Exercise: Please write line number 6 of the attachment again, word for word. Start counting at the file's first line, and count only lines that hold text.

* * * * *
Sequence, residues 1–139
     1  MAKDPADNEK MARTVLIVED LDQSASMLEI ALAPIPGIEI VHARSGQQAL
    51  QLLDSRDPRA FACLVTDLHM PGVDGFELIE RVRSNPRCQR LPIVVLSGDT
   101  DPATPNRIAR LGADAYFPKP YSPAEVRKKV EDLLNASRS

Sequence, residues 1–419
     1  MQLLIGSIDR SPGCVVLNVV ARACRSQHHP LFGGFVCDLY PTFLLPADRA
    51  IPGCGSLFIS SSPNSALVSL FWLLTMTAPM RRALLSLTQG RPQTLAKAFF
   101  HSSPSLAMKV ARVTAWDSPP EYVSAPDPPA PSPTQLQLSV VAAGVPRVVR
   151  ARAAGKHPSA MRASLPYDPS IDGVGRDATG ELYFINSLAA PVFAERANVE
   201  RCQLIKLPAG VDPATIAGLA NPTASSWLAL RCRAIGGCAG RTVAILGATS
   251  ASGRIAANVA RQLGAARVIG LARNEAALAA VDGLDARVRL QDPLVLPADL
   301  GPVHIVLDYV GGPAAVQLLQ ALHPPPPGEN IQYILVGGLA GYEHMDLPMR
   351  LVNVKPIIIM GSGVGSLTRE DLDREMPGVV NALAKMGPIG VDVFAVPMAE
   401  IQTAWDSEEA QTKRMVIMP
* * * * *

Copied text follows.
     1  MQLLIGSIDR SPGCVVLNVV ARACRSQHHP LFGGFVCDLY PTFLLPADRA